Yesterday I went to a gathering of the local pagan community to commemorate the life of our dear friend Pol, and last night, I had a dream of him.
It was actually more of a memory. It was late December 2009 and we were in the gardens of the University of the Philippines. He was picking branches and I was picking leaves from a tree which he believes to be a specie of willow. He said he was going to scrape the bark off the branch, embellish it, and turn it into a wand. Pol was pretty good in those things. He has a set of runes which he carved by himself and charged with his own blood. He makes corn dollies and weaves perfect Brighid's crosses from palm leaves. He asked me why I was only picking the leaves. I said that I was only good at herb magic, I really couldn't make fine wands out of branches. To which he promptly replied: "Kaya mo yan, ikaw pa".
And I realized I actually could.
So I taught myself how to sandpaper wood, and paint on wood, and apply finishing on wood. And soon I was making my own pentacles, hex signs, wands, cups, and magic tables. I made a complete set of high magic tools out of school supplies. I would never have thought I would be able to do these things - I have always sucked and failed at craft projects in school. But now, suddenly, I'm an artist.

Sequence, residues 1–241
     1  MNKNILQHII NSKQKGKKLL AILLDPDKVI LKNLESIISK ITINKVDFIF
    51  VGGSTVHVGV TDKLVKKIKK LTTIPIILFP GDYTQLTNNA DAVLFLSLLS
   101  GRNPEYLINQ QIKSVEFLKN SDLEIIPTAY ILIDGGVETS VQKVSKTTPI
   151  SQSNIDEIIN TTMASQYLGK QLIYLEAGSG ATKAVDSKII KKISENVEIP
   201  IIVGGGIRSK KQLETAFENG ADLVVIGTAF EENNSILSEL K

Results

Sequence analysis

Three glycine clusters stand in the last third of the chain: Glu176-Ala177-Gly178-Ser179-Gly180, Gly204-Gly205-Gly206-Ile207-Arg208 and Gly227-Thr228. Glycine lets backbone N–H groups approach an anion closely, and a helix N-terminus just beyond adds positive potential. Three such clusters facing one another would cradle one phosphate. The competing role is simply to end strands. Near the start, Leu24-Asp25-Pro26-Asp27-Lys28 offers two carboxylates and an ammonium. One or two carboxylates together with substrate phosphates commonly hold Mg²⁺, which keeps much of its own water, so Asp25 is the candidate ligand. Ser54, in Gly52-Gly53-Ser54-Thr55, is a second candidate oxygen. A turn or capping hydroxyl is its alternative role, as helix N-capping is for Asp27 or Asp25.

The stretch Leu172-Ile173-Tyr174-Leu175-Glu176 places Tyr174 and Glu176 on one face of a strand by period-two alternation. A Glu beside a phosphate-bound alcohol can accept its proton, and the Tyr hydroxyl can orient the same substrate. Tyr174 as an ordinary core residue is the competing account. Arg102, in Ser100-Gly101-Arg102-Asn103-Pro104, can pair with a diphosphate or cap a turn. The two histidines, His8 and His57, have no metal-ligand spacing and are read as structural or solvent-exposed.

Pol teasingly calls me "master", but the truth is, I think I have learned more important things from him:
- Don't define yourself by your limits.
- Don't just accept things as they are.
- You can make the change if you want to.
Yes, these are all clichés. We hear them all the time that our minds have become numb from them. But these are powerful truths, and people tend to forget them. That is why the majority of society today lives a lazy, consumerist lifestyle.
Here's another cliché: we have the ability to change things for our own good, and for others.
- Whether it's a piece of wood that you want to make into a magic wand.
- Whether it's a foreign spirtual practice that you want to adapt to the local culture and to your lifestyle.
- Whether it's how society treats women and the LGBT community.
I'm happy to have had a friend like Pol to remind me of this "ability". This "power to change things". I don't know if there's a proper English word for it, so I'll just call it "magic". People have stopped believing in magic.
Thank you Pol for helping me find my magic.